How much does it cost to implement an ESB layer and how is the cost of owning an ESB calculated?

5.6.2023

Content

In previous articles about ESB solutions, KT.team experts explained why such solutions are needed (see article”A tool that will help keep your business young →”), which of them are popular on the Russian market (see article”Comparison of ESB solutions that are popular on the Russian market. Part 2: system features→”) and what steps will be taken when implementing ESB (see article”From spaghetti to flexible architecture in 5 steps: stages of implementing an ESB layer→”. Let's say you have already decided that the introduction of a service tire will be the best solution to your problems. The next step is to understand how much effort and resources it will require.

This article is intended for executives who are responsible for implementing ESB, controlling the budget, the choice of the technology stack, and the implementation process itself. It will help you take into account the main costs that are required for budgeting when implementing yourself, and draw attention to the key aspects of negotiating with a contractor if you need his help.

We will help you deal with frequently asked questions.

  • What are the steps to implementing ESB and how long does it take?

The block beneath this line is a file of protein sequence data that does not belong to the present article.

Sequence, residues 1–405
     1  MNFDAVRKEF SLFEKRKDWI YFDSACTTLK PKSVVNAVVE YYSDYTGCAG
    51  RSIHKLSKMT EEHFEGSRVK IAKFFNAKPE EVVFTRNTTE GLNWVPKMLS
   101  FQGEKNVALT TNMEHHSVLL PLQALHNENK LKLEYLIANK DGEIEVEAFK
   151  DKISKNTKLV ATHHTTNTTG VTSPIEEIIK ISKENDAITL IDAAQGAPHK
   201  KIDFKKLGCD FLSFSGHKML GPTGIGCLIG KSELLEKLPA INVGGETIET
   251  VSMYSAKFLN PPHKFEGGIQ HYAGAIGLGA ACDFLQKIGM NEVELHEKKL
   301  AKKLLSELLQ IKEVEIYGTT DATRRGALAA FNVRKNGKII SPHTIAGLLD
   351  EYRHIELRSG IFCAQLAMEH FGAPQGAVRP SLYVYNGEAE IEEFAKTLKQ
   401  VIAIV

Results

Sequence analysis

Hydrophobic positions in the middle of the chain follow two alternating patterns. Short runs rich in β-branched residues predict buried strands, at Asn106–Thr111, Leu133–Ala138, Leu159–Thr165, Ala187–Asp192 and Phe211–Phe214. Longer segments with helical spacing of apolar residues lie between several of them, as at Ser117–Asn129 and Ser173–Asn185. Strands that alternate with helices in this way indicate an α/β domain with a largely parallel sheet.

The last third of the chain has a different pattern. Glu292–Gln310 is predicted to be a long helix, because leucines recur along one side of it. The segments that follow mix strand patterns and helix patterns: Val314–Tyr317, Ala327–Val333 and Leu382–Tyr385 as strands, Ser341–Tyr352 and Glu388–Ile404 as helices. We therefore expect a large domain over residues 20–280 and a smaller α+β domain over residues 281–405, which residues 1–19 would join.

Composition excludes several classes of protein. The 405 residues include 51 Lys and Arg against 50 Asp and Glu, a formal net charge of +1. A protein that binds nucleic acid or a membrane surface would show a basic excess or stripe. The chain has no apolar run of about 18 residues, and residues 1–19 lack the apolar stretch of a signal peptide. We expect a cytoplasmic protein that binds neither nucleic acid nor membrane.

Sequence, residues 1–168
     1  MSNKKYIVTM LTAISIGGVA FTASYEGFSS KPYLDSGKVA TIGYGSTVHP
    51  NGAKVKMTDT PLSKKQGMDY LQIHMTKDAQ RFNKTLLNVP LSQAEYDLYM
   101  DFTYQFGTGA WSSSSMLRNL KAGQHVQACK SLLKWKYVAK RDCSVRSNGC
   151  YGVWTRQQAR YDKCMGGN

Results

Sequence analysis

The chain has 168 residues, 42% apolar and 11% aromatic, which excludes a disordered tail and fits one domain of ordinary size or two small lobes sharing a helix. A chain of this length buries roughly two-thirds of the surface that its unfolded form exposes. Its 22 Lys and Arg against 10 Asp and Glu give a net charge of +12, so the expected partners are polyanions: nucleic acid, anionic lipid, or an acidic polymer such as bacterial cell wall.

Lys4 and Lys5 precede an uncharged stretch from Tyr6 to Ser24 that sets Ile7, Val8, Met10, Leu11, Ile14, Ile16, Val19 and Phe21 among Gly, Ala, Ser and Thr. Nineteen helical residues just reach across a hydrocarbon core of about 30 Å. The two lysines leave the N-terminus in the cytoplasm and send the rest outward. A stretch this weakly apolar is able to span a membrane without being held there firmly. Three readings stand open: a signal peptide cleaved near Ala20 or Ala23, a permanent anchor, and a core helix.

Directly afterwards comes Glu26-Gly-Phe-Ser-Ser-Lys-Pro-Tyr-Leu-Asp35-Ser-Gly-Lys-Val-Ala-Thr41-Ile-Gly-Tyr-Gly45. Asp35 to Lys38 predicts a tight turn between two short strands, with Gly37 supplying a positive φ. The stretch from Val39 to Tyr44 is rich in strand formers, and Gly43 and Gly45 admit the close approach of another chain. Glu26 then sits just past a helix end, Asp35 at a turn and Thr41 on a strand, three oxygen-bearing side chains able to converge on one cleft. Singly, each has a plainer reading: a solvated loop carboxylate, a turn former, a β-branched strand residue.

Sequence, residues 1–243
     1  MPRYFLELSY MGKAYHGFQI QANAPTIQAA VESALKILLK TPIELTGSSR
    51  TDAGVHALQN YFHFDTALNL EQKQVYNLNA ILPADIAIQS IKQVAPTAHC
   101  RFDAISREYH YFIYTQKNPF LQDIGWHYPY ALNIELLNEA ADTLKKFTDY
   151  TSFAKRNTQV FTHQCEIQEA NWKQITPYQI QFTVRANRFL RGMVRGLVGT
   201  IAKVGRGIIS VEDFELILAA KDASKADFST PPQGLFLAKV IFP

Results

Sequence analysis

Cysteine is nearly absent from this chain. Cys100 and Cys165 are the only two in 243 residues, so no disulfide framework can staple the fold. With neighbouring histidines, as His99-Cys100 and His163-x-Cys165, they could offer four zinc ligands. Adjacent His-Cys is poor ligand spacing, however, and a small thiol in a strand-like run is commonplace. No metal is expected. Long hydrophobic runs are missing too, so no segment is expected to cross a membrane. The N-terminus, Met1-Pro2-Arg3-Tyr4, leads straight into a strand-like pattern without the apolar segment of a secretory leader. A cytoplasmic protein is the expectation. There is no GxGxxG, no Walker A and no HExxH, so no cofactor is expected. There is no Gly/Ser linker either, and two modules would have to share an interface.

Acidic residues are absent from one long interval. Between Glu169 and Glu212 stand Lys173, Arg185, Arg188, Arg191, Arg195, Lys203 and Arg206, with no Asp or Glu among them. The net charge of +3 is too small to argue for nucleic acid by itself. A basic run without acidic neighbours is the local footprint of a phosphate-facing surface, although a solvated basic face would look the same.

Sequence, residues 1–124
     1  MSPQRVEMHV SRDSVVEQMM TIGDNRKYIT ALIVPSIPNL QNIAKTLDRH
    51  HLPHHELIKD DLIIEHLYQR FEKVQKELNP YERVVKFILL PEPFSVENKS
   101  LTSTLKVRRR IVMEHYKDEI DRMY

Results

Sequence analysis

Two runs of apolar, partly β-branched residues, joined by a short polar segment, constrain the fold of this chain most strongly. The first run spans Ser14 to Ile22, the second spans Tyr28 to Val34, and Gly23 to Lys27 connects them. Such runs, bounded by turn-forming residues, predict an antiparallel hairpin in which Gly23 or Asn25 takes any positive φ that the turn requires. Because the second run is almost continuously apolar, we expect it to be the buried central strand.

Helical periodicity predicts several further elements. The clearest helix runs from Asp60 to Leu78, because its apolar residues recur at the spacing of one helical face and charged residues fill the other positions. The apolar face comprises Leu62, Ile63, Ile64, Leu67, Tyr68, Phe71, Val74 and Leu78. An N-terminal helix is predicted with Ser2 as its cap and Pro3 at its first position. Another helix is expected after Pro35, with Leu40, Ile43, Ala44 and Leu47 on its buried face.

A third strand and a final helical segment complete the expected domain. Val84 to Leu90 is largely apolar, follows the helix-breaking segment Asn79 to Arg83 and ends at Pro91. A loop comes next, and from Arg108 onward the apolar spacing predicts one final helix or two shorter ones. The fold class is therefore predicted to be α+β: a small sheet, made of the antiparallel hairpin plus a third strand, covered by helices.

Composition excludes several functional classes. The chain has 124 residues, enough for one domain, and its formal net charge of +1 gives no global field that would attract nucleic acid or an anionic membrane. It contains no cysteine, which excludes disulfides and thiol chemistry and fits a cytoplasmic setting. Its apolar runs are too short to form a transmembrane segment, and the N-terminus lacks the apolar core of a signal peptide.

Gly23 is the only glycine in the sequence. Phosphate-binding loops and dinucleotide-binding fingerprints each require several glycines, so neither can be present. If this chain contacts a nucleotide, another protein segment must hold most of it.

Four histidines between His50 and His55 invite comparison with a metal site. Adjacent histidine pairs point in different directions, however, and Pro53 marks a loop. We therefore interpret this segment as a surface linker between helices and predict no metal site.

• What are the costs of implementing and owning ESB solutions?
  • What specialists are needed to implement and support ESB? What do they usually do on their own, and why do they hire contractors more often?
  • What are the most common mistakes when implementing ESB and how can you avoid them?

Reasons for implementing ESB

As a rule, companies start implementing a middleware layer after working on one of two typical scenarios.

The first scenario: For many years, the company's IT architecture has grown around a monolithic all-in-one system. In the first years of the company's life, it covered all the business needs in terms of IT, then the team completed and finalized it... until eventually abandoning any part of this system became too complicated and expensive. At the same time, the IT department (and other company departments) is well aware that the market has much more flexible, convenient and easy-to-maintain systems for specific company business processes. And now you are faced with the task of replacing the heavy monolith with separate services and microservices.